HP Elitebook 8440w Review (Quad-core i7 model)

No this is NOT an article written from the CES floor. Not too long ago, I was kidnapped and dragged into a secret location to play with this gunmetal gray little toy. And the minute I lay my hands on the chilly cold keyboard deck and powered it up, I was in love. I confess I’ve been hugging this thing for quite a while now (and yes, its real owner wants it back!). Like many people around the world (I know because they sent in plenty of tips), I was not bound to anyone or anything, so I could’ve posted this earlier but I was in a dilemma whether to go ahead.

Now that it’s official, I’m really happy for HP and I’m now posting my review based on my time with the HP Elitebook 8440w Mobile Workstation!

Main features:

  • 2.0 GHz Intel Core i7 Extreme 920-XM quad core processor
  • 8 GB of DDR3 RAM (2 slots)
  • 512 MB Nvidia Quadro FX380M graphics (not to be confused with the high-end FX3800M)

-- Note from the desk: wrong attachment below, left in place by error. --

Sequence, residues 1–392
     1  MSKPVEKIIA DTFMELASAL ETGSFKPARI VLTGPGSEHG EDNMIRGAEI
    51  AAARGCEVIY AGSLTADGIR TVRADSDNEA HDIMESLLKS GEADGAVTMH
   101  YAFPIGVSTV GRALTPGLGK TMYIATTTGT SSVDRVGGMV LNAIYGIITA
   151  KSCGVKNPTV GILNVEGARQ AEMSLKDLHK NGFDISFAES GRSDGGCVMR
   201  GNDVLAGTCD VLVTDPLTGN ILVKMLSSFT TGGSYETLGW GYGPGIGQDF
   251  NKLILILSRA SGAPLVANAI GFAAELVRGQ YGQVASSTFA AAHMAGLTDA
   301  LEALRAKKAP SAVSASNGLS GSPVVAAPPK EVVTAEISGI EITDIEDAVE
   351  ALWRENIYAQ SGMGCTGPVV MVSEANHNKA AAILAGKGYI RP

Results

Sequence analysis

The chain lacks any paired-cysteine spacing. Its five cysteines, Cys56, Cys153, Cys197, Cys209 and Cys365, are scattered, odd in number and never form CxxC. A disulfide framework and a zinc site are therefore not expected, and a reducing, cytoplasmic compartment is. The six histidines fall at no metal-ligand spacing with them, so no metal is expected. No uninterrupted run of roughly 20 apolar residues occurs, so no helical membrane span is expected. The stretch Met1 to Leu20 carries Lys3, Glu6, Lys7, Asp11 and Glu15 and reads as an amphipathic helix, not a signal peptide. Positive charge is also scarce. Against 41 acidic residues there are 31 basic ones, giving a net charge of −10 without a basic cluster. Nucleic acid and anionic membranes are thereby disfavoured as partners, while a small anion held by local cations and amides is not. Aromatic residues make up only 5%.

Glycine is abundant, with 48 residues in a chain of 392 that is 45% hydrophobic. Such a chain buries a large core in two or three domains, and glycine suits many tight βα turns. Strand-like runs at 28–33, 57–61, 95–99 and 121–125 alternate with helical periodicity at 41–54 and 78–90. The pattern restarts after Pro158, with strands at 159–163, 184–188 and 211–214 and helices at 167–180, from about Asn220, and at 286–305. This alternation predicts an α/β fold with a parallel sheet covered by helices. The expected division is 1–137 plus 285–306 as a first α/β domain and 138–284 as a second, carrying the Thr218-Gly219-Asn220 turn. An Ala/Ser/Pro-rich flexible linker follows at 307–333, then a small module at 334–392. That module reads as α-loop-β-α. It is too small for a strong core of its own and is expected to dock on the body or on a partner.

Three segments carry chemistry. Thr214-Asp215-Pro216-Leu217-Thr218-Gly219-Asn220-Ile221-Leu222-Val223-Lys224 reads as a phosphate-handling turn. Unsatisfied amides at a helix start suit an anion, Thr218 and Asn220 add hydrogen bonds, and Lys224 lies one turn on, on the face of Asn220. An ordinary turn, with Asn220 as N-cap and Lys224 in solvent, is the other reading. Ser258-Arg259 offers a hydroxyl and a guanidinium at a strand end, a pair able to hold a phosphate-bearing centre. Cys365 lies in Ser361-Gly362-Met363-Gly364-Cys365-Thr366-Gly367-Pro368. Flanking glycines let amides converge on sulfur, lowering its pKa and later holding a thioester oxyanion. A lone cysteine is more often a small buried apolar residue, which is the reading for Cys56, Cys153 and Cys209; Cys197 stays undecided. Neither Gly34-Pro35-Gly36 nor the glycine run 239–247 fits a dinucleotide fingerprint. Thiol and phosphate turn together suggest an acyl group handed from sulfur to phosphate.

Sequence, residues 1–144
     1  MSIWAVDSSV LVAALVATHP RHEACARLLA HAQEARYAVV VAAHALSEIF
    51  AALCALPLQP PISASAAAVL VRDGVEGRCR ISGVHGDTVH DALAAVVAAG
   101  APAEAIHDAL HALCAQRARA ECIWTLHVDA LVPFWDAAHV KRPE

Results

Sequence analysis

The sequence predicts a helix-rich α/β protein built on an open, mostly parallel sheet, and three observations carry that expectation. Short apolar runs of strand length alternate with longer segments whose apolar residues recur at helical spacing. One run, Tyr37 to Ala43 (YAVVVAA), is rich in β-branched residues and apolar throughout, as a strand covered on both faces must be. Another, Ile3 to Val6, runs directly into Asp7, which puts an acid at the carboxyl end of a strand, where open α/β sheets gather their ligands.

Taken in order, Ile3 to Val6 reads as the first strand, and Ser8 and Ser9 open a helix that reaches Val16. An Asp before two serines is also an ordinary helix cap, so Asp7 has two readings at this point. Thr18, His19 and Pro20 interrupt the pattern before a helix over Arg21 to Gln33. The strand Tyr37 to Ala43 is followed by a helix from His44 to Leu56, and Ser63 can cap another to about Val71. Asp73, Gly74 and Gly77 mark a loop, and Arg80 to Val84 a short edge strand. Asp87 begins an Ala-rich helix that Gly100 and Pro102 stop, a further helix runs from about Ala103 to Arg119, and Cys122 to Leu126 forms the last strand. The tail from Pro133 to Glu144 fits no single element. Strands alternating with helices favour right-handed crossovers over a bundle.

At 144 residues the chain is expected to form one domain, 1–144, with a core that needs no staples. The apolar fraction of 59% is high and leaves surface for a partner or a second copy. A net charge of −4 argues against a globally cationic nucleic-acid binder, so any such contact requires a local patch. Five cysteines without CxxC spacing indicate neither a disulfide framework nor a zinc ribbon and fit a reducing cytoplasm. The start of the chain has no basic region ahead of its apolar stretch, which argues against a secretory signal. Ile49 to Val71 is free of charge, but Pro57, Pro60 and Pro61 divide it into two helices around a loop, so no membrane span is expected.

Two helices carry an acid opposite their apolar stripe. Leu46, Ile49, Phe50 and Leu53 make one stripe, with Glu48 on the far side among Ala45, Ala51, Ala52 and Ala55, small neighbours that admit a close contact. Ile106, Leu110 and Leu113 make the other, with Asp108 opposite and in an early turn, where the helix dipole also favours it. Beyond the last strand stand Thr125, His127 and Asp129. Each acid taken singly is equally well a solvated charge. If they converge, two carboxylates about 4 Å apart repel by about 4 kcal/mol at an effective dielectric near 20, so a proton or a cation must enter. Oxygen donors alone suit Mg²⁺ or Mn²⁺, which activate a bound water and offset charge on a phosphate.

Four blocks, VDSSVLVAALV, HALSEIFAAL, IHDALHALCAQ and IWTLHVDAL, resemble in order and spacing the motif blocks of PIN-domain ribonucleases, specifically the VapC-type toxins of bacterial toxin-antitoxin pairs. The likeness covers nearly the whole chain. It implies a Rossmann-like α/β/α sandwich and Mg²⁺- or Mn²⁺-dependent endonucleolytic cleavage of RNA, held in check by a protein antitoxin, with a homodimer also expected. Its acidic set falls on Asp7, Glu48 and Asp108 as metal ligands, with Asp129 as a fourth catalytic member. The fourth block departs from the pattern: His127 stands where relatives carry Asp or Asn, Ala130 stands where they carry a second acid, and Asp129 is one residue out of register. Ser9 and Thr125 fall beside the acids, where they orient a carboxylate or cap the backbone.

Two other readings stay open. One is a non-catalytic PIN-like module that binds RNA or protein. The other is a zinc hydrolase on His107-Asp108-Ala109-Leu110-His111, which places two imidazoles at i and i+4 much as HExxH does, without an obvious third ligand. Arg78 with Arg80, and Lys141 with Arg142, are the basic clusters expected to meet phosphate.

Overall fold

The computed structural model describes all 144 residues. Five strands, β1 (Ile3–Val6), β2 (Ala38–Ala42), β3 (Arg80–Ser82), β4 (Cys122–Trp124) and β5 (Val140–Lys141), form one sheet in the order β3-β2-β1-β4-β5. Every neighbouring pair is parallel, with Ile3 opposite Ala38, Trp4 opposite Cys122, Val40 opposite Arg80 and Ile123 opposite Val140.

• 14 inch 16:9 matte widescreen, super-high res option (1600 x 900)
  • 4 USB ports, VGA out, Display Port out
  • 6 cell primary battery with HP 8 cell secondary battery

Based on emails from sources and readers I’ve been receiving since September last year, there are a variety of different configurations floating around. I believe a Core i5 option exists, along with “gaming” graphics (I think those are more recent units).

1.73 GHz Intel Core i7 820QM quad core processor – looks like majority of “closet Elitebook 8440 holders” have their Elitebook 8440w’s configured with this processor. I’ve gotten word from a few people that they’re getting similar battery life numbers to what I’m getting (about 9 hours of light use on 9 cell and 4+ hours on heavy loads).

Design

Besides offering improvements in performance, Core i7 spells out sheer power, HP also evolved the design of this year’s Elitebooks a little. The changes are subtle but well appreciated. Unless you have a keen eye or are extremely familiar with HP notebooks, you might not spot them at first. So let me point them out to you.